I’ve been reading a lot of Greek myths and legends, which you could argue contain the precursors to Marvel’s Universe. Gods and heroes like Achilles and Hercules, Hector and Odysseus. Great stories that have lasted for thousands of years. Only last year, the BBC retold the Illiad (with varying degrees of success).
Acting on the advice of various websites about which films are essential to watch before Endgame, my kids and I recently re-watched the first two Avengers films and watched for the first time Captain Marvel, Spiderman Homecoming, Ant Man, Captain America: Civil War and Doctor Strange.
I enjoyed most of Captain Marvel until she became so super-powerful she could destroy entire starships. You start wondering at that point what villains can possibly challenge such might. Certainly not Jude Law, as a sub-Loki.
The Avengers films are good, but there’s too many characters in them. Joss Whedon did a good job of keeping us emotionally invested in the different arcs, but he might have done better to focus more on three or four only. Game of Thrones showed how to do that with great effectiveness in The Battle of Winterfell. They also made me wonder what Marvel would have done without Robert Downey JR, because Chris Evans’s Captain America does not have the charisma to hold all those superheroes plot threads together.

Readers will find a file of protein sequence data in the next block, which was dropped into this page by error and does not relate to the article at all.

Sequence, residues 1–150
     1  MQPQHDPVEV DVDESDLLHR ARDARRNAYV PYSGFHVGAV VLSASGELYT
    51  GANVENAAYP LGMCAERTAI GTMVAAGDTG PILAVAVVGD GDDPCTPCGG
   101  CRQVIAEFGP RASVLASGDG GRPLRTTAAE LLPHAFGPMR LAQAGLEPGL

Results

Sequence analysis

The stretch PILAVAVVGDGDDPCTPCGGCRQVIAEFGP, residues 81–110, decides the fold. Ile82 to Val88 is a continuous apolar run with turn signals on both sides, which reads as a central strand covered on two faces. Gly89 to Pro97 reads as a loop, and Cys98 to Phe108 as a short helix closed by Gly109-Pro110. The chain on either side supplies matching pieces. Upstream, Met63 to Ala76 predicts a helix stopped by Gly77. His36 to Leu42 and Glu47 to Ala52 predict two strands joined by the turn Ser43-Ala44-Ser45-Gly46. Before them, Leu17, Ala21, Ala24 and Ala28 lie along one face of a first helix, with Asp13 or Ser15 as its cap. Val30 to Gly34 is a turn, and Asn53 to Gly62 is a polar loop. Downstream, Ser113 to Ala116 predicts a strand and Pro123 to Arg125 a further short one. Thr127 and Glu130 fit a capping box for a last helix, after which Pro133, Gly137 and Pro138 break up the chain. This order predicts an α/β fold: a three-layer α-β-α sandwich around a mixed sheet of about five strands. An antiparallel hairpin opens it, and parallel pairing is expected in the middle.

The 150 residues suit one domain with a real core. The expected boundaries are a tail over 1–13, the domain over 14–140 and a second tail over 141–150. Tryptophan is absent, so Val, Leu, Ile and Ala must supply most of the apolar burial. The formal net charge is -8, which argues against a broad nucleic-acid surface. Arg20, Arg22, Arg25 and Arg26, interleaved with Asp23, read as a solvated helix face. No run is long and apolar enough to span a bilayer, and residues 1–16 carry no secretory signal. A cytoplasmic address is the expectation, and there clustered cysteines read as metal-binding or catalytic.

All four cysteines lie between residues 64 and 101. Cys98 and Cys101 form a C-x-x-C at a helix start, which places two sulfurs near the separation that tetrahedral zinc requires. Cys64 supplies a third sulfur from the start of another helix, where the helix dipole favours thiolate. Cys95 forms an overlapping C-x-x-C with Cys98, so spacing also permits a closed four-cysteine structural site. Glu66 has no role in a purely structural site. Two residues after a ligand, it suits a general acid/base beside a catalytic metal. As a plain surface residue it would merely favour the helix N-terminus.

Ant Man was our least favourite, and we promptly cancelled our plan to watch Ant Man and the Wasp on the same night. Paul Rudd underwhelmed, and for some reason the film’s shrinking premise stretched my credibility too much. Strangely, in Civil War, Rudd’s performance was much stronger even though he had a much – ahem – smaller part. The other surprisingly good performance in Civil War was Tom Hollander’s, so we watched Spiderman, and I found myself begrudgingly enjoying the teenage angst of it. While Tony Stark’s appearances in the Marvel Universe are always enlivening, Homecoming was so good the film might even have been stronger without him.
Doctor Strange was the stand alone film. Benedict Cumberbatch was very good, an arrogant, less likable Tony Stark. I’m intrigued to see how those two characters will get on in Infinity War and End Game. The film itself, with it’s unusual imagery and effects and slightly more subtle humour than normal, was one of my favourite Marvel films.
Out of all seven films, my favourite set piece was the battle at the airfield in Civil War, combining action and terrific humour. My favourite superhero? Iron Man, without a doubt. My least favourite? Captain America, also without a doubt. But whichever your favourites, there is no denying that Marvel has created something extraordinary with this universe of superheroes.
Will it be as long lasting as the Iliad? Probably not, but who knows, maybe one day future archaeologists and historians will speculate on the location of Stark Tower in the same way they speculate today on the location of Troy.